Frugality has taught Millennials to discount product quality and brand status over cost. Tissue brands have been challenging private label growth by introducing more affordable, less fluffy or strong “basic” versions of the branded products, as well as reaching into their deep pockets for promotional strategies to sway the price sensitive tissue consumers, especially the Millennials, who have significantly higher price sensitivity than the mature consumers.


15SeptOct_Special_ (1) (Custom)
Graph 1: Retail sector concentration vs tissue private label market penetration in largest European market

Retail sector structure

The key drivers for high private label penetration in Europe, in addition to general higher consumer value orientation and slower economic growth, are heterogeneous local markets from language to culture making it difficult to build pan-European tissue brands, and moreover, high concentration of the retailing sector in many European countries. For example, the German market with over 80% tissue private label share is controlled by the top five retailers (Edeka Zentrale, Schwarz Beteilugungs, Aldi, Rewe, Metro) holding around 35% share of German retail sales. France has a similar retail sector concentration with over 70% private label tissue market share (Graph 1).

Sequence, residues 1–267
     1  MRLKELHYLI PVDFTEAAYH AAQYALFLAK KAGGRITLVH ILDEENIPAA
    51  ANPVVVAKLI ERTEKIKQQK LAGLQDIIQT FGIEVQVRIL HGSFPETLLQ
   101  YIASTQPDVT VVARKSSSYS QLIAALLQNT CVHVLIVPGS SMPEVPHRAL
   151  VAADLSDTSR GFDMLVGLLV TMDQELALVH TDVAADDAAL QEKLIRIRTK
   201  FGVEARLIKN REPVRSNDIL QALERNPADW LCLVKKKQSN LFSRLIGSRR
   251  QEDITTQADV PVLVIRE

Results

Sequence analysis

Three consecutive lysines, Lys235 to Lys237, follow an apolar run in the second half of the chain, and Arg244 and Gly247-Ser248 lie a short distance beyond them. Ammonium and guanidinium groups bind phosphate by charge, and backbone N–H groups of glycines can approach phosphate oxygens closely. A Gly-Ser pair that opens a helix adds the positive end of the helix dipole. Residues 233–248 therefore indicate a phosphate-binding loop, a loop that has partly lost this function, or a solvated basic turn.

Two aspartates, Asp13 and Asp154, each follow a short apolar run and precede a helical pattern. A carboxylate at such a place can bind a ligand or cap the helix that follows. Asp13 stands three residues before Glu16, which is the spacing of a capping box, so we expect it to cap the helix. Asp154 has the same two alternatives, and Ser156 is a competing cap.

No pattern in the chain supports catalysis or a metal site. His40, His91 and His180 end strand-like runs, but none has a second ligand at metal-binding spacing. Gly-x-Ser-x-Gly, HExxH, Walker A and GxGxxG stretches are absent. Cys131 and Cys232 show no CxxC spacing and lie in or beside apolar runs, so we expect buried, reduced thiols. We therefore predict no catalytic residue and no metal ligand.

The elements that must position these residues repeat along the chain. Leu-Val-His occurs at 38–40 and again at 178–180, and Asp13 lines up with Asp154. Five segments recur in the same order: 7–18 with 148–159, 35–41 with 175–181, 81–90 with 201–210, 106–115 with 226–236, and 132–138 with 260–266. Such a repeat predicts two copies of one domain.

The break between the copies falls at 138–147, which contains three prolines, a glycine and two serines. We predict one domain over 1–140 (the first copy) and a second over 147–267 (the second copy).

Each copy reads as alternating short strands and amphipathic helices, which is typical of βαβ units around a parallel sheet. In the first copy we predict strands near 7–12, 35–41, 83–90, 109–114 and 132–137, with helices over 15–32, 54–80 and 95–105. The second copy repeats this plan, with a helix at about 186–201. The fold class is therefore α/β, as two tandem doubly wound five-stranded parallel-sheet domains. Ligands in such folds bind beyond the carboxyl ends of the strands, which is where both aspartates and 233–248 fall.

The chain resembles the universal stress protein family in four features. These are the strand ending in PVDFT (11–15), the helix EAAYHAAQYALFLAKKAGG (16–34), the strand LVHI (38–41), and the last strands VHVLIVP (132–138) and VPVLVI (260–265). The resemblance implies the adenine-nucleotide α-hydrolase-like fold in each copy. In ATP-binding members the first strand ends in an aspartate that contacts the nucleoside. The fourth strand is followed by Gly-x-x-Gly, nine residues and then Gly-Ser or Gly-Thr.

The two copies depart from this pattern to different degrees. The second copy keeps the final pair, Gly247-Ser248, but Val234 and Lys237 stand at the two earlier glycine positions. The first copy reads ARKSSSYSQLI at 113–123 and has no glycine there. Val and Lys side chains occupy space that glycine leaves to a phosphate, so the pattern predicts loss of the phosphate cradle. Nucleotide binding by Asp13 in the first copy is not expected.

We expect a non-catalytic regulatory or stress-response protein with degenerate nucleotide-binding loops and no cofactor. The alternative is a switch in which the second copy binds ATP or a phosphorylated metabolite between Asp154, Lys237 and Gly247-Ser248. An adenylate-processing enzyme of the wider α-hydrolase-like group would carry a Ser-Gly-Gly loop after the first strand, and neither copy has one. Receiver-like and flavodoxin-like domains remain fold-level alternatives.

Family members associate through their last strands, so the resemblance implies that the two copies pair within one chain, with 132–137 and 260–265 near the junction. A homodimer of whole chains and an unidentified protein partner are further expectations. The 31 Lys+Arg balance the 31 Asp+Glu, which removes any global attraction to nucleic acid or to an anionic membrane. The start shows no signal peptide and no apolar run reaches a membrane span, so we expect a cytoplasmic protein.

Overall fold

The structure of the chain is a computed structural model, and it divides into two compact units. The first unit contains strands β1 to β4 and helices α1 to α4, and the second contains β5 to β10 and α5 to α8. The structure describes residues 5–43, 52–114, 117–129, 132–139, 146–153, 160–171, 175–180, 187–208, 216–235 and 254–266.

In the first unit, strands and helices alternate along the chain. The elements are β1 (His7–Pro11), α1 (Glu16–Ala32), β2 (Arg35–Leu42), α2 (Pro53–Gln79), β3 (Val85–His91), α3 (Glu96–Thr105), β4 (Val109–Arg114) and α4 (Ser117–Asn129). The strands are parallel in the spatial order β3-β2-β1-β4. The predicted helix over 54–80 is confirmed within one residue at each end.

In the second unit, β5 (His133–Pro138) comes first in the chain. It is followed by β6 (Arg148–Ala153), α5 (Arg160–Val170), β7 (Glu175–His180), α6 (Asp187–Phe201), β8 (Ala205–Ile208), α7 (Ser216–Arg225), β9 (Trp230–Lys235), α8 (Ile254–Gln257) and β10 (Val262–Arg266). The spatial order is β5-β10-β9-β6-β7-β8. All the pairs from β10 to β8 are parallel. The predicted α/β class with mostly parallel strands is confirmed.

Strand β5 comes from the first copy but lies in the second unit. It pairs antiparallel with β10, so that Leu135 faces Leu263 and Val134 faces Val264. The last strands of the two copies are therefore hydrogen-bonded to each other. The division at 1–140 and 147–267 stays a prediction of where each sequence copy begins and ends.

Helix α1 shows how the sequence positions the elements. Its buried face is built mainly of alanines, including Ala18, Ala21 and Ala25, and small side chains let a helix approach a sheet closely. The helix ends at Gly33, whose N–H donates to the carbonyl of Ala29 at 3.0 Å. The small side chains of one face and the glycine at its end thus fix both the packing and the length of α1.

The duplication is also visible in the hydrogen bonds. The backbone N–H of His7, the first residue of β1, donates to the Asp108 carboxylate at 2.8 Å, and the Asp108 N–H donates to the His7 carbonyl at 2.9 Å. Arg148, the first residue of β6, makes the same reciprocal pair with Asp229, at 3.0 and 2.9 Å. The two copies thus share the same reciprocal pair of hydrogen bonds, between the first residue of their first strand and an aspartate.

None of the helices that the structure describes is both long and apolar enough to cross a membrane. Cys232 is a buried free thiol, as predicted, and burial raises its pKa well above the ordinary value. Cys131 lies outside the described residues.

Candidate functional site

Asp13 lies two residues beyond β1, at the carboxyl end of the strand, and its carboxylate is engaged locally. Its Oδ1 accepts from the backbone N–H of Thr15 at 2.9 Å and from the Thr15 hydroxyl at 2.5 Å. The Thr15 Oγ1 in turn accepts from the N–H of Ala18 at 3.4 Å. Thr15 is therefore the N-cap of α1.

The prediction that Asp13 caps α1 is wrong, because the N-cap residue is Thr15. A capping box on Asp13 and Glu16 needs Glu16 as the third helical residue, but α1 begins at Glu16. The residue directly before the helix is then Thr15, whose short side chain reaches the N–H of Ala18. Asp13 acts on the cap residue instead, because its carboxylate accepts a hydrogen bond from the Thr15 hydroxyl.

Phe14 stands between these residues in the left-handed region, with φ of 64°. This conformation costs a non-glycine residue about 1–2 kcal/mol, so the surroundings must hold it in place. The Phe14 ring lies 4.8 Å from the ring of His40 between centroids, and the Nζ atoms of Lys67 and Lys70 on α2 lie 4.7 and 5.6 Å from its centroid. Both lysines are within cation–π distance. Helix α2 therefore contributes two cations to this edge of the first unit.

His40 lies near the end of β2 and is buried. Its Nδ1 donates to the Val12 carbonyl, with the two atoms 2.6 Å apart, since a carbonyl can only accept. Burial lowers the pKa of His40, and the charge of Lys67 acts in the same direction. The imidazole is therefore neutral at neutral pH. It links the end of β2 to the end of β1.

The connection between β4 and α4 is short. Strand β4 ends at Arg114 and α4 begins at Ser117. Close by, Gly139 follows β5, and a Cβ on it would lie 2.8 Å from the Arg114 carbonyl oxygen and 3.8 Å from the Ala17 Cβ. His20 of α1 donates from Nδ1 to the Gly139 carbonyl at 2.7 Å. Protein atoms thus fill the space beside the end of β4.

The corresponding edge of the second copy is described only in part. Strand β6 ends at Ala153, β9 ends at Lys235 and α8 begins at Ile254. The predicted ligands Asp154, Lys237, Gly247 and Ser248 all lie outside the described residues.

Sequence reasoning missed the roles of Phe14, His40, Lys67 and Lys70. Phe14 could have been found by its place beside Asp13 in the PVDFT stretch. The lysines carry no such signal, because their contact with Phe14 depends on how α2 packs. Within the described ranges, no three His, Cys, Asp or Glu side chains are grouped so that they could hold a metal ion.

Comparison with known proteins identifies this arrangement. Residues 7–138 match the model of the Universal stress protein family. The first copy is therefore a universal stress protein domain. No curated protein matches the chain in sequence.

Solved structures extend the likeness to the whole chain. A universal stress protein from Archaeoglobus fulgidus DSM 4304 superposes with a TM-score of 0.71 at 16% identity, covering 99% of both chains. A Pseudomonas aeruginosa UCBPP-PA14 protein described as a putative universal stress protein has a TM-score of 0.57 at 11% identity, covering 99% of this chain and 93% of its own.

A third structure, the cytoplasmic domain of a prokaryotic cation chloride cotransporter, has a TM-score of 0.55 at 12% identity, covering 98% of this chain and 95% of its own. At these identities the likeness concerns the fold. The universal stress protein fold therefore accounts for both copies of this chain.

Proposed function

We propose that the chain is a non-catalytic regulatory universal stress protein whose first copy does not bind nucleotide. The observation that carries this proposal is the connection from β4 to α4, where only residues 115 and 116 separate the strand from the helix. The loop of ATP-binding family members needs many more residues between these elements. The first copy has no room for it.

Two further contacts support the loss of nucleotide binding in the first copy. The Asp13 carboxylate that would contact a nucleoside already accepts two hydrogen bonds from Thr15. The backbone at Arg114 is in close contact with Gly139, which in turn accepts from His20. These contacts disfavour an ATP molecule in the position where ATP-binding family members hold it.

Discount stores, as well as super and hypermarkets with a focus on economy products which typically have strong private label programmes have gained in popularity in Europe. 2014 was the first year a discounter, Schwarz Beteiligungs, made the top five global retailers list displacing Tesco. This highlights the power of low-price and reduced assortment product positioning.

Hence, developing and growing private label programmes has been a key strategy for the largest European retailers to counter the growth in in the discount channel, as well as sluggish overall sales.

The major chains, such as Carrefour and Tesco, have invested in upgrading their private label categories by developing private label lines with more upmarket positioning to attract higher income consumers towards these products. Also the leading discounter chains, such as Aldi and Schwarz Beteiligungs, are developing premium private label lines making it harder and harder for brands to compete and differentiate. Kimberly-Clark is the only North American brand power house left in the European tissue market, after recent exits by Georgia-Pacific and P&G.